Imaging Features of Succinate Dehydrogenase-deficient Pheochromocytoma-Paraganglioma Syndromes.
Radiographics. 2019 Sep-Oct;39(5):1393-1410. doi: 10.1148/rg.2019180151.
Withey SJ, Perrio S, Christodoulou D, Izatt L, Carroll P, Velusamy A, Obholzer R, Lewington V, Jacques AET.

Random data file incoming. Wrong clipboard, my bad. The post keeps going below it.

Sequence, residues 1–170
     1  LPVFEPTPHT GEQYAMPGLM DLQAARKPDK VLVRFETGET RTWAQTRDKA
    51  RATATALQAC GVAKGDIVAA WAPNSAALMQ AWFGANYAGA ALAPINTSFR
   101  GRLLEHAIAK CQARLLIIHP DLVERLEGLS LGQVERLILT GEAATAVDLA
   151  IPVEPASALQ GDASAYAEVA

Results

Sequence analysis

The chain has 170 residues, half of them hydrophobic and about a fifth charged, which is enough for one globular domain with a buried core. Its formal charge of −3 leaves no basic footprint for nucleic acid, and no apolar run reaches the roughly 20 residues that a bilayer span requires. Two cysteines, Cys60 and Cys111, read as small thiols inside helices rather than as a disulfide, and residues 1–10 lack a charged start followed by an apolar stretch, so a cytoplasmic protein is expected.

Pheochromocytoma (PC) and paraganglioma (PGL) are rare neuroendocrine tumors that occur throughout the body from the base of the skull to the pelvis. Sympathetic catecholamine-secreting tumors may be associated with hyperadrenergic symptoms and long-term morbidity if they are untreated. Typically biochemically silent, head and neck PGLs may result in cranial nerve palsies and symptoms due to localized mass effect. Tumors can arise sporadically or as part of an inheritable PC-PGL syndrome. Up to 40% of tumors are recognized to be associated with germline mutations in an increasing array of susceptibility genes, including those that appear to arise sporadically. Most commonly, up to 25% of all PC-PGLs are associated with mutations in one of the succinate dehydrogenase (SDH) enzyme subunit genes. The resulting familial PC-PGL syndrome varies according to the affected enzyme subunit (most commonly SDHB and SDHD mutations) with respect to tumor prevalence, location, age of onset, and risk of malignancy. Patients with SDH enzyme mutations have increased lifetime risk of developing multifocal tumors and malignancy. Early recognition of individuals at high risk, genetic testing, screening of family members, and lifelong surveillance programs are recommended, but not without health, economic, and psychologic implications. Anatomic and functional imaging is key to diagnosis, staging, treatment planning, and lifelong surveillance of these individuals. Radiologists must be aware of the imaging appearance of these varied tumors.©RSNA, 2019.
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